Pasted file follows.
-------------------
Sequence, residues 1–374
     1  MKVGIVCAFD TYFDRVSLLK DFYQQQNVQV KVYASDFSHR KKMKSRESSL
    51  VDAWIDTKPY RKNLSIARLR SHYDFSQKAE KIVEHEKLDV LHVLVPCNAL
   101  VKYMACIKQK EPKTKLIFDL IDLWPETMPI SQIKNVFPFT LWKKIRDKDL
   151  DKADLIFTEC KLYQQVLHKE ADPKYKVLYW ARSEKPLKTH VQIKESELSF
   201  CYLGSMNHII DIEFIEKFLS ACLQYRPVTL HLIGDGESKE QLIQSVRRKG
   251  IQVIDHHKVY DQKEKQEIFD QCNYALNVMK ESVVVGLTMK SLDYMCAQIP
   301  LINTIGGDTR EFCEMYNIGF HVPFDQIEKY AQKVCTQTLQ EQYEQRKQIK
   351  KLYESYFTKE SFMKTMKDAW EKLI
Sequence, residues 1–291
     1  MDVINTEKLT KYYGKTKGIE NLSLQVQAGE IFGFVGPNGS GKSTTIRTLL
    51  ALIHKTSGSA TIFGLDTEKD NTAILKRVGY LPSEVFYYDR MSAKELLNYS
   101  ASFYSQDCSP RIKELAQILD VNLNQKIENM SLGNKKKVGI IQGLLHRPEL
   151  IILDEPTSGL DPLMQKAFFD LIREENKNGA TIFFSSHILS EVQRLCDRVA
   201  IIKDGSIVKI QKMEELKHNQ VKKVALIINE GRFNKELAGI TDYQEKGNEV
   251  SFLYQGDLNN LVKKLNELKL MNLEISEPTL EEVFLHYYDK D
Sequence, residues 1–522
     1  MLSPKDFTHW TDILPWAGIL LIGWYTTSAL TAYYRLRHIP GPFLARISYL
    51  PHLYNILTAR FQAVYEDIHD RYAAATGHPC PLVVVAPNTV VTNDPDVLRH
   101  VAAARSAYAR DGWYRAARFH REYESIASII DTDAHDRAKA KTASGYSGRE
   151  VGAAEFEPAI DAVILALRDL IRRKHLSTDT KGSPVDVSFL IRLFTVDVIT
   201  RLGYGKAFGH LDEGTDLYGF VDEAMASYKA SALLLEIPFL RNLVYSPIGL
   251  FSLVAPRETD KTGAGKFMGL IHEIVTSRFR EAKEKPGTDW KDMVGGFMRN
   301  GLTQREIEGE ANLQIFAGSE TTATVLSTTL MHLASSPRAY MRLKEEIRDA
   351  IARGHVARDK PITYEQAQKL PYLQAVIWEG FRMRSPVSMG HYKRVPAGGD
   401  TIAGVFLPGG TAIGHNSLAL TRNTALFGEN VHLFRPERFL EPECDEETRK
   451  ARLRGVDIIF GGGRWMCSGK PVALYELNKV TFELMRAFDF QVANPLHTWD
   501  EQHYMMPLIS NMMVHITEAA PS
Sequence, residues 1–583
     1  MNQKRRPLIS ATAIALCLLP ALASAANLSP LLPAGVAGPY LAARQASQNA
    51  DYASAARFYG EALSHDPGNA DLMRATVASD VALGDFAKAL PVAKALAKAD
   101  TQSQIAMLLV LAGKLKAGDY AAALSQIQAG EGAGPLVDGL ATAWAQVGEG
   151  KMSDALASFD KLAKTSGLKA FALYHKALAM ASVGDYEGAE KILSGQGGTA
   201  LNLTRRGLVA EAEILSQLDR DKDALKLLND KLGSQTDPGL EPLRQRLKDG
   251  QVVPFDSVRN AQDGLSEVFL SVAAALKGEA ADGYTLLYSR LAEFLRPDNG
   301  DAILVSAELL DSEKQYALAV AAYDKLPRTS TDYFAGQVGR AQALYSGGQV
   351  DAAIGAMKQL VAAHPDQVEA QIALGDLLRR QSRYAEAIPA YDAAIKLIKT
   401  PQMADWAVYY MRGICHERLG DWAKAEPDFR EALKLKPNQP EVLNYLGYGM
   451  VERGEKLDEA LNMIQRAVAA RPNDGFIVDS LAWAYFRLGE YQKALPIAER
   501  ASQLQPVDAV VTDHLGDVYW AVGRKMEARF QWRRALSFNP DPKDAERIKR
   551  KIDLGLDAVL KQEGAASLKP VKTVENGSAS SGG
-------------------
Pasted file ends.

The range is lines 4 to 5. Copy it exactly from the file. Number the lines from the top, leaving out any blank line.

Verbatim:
   101  VKYMACIKQK EPKTKLIFDL IDLWPETMPI SQIKNVFPFT LWKKIRDKDL
   151  DKADLIFTEC KLYQQVLHKE ADPKYKVLYW ARSEKPLKTH VQIKESELSF